B2B marketers love emails. It is their top revenue generator. 64% of marketers say email marketing was responsible for meeting business goals.

But there's a catch. The emails have to be relevant and at the right pace. In other words, have the right cadence.  

Here's an example.

Zach Francisco's successful email campaign

Zach Francisco, sales lead at Letterdrop, sent Aaron Winkelmann, VP of Content at Corporate Visions, a series of cold emails. The campaign was a success.

What stood out?

The messaging, personalization, and cadence.

What exactly is an email cadence?

Email cadence is more than how often you send an email. It is the frequency, timing, content, and audience of an email campaign.

Let's go through some common email cadences below. 👇

Nurturing users during a free trial

Often, free trials last a week or two, so there's no time to waste. Begin with an introductory tutorial. Follow up with emails showcasing your product's popular features. As the trial period ends, guide them on how to upgrade.

CopyAI’s free trial onboarding emails are a good example.

Their welcome email shared valuable tips on getting the most out of the product.

"Welcome to CopyAI" email

Next, an email with instructions on how to use the app's most popular features.

Copy AI Instruction email

After two weeks, an email requesting feedback.

Copy AI's feedback email

Keeping users engaged after a sale

Keeping your customers engaged is key to renewals and upsells. But don’t overwhelm them. Instead, space out valuable resources, guides, tutorials, and case studies.

Segment customers based on usage patterns. Then target those who might need additional licenses or specific add-on features. Send specific emails to those groups highlighting the benefits of an upsell.

Before the end of the subscription, offer incentives to encourage renewals or upgrades.

Curating a cadence to appeal to different segments

Let’s say you provide cloud computing services to businesses. And you’re trying to reach two segments: IT managers and C-level executives.

IT Managers are cool with weekly updates and product offers. They want to stay up-to-date with new tech trends and solutions.

C-level executives are busy and prefer high-level content. So it makes sense to adopt a monthly newsletter with industry insights, case studies, and executive summaries.

How to Find the Right Email Cadence for Your Campaign

1. Set clear email marketing goals

First, define your goals for the email campaign. Increase sales? Promote a new product? Nurture leads? Or thought leadership? Be clear about it. Match email campaign goals with overall business and marketing goals. Set KPIs to measure CTRs and track conversions.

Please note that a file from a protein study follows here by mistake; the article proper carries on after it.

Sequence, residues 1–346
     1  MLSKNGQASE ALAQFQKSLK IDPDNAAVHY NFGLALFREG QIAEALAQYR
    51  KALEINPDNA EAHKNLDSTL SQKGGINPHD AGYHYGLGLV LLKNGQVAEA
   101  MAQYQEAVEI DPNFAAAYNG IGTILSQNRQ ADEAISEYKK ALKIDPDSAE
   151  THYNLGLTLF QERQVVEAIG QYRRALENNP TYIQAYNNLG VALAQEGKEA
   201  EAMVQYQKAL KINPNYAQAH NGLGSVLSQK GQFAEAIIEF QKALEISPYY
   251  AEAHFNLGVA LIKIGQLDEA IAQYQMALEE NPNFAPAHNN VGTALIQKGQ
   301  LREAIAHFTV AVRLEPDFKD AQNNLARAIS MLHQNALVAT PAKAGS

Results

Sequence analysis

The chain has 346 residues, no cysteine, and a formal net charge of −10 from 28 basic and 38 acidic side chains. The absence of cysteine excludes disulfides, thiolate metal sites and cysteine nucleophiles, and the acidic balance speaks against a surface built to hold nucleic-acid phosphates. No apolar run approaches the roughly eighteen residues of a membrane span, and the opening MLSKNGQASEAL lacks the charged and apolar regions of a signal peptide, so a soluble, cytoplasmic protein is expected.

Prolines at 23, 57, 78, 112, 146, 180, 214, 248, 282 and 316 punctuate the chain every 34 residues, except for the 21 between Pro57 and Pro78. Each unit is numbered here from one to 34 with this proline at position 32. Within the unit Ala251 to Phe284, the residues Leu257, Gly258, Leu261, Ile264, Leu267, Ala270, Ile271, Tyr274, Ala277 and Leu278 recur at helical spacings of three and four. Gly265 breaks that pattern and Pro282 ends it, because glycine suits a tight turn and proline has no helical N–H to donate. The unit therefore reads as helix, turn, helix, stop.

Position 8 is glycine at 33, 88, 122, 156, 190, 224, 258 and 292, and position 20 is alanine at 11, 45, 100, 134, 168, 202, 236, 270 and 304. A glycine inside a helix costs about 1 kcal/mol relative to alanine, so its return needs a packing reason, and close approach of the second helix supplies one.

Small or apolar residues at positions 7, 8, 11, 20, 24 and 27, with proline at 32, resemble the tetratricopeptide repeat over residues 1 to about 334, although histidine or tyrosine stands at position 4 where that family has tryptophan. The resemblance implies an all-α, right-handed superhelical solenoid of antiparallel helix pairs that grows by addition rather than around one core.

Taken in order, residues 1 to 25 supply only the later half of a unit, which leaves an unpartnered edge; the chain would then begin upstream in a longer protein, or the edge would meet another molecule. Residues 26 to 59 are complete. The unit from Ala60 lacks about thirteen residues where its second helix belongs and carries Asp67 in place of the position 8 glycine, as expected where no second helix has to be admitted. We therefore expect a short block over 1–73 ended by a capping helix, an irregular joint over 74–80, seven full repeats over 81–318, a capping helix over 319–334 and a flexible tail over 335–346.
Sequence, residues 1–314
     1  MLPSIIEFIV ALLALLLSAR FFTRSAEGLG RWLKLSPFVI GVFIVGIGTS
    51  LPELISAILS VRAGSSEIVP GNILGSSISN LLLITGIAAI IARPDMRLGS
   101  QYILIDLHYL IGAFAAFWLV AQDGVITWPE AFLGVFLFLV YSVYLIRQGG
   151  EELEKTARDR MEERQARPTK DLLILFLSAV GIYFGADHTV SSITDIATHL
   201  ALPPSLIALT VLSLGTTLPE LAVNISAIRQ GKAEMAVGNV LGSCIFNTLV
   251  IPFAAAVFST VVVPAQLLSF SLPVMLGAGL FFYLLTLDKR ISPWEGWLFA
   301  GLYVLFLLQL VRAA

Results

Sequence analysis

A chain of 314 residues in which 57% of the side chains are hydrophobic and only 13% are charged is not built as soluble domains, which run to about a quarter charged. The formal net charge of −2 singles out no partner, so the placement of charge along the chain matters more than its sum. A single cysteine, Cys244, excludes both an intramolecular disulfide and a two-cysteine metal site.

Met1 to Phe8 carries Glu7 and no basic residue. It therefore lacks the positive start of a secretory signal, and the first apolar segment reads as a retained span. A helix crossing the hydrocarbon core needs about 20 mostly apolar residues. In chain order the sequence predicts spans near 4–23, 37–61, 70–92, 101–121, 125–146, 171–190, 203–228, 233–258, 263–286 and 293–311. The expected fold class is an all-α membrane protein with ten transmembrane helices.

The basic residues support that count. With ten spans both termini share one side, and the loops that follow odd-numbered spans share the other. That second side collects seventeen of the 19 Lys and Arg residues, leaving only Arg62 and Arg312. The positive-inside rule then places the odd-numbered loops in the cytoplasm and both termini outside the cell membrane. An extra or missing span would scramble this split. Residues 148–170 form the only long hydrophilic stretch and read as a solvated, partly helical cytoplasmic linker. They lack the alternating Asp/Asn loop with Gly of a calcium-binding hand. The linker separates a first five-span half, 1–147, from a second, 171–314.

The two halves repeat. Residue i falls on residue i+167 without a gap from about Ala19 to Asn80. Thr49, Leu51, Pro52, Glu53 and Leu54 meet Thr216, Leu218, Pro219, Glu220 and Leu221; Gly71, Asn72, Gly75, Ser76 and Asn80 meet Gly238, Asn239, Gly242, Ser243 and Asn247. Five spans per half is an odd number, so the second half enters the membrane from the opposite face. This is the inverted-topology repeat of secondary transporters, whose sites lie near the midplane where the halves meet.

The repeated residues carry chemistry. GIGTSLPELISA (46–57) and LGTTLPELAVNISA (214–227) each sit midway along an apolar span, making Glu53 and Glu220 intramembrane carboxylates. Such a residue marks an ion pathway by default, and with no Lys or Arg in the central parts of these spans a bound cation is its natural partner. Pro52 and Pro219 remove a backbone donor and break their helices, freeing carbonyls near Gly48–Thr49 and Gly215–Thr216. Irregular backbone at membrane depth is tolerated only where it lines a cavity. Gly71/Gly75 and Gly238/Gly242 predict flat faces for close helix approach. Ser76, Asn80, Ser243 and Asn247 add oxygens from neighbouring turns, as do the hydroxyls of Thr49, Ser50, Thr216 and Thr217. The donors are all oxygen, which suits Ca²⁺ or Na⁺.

If your goal is to establish thought leadership, this means high-level weekly or monthly emails with original research or expert POVs. Of course, it won't be like a daily welcome email drip campaign.

2. Set Up a preference center

Let customers choose the type of emails they want to receive and how often. If you offer a variety of emails, such as monthly roundups, promotional emails, weekly industry news, and so on. Let customers choose which emails they want to receive and how frequently. You can include all of these options in your preference center.

Also, keep an email preferences link in the footer of each email. So subscribers can make changes whenever they wish. Rather than unsubscribing completely, they will be able to manage their preferences.

3. Segment Users

The most successful email campaigns segment subscribers and personalize messages. In fact, marketers say that personalized and segmented email campaigns have led to a 760% rise in email sales.

Customer Segments to Consider:

  • Engaged Fans

Loyal subscribers. They open, click, and interact with your emails regularly. Some might have seen your content elsewhere or bought from you before.

Send them personalized thank-you emails for their support. You can also give rewards or early access to new products or features.

  • Potential Customers

Leads who've shown interest in your offerings but haven't converted. They might have signed up for newsletters, downloaded resources, or attended webinars.

Focus on nurturing this segment. You can send targeted discounts, product information, and case studies depending on interests.

  • Inactive Subscribers

Try a re-engagement email campaign. Personalize based on previous interactions or purchases. Tailor the email content to match their specific interests and pain points. Test different subject lines and timing to optimize engagement. Send a farewell email if there's still no response.

4. Collect Customer Feedback

The best way to get customer data is to ask short, insightful questions instead of making it look like a chore. You can even use thumbs up and thumbs down emojis in some cases.

Make the process easy and enjoyable for your customers by following these tips:

  • Keep it short and sweet. Long surveys can be intimidating. Stick with concise and engaging questions that are easy to answer.

Example: "How satisfied are you with our recent product update?

  • Ask questions that match your goals.

Example: "How likely are you to recommend our services to a friend or colleague?

  • Encourage customers to share their thoughts and provide valuable feedback with open-ended questions.

Example: "Please share any additional comments or suggestions to help us improve our services."

  • Address customers by their names and make the experience feel personalized.

Example: "Hi [Customer's Name], How’s it going?"

Wrapping up

Your campaign's success depends on paying attention to your subscribers and adapting the right cadence. Get it right, and you'll see a spike in click-through, and conversion rates. Keep testing and updating as your business grows and your customers' needs change.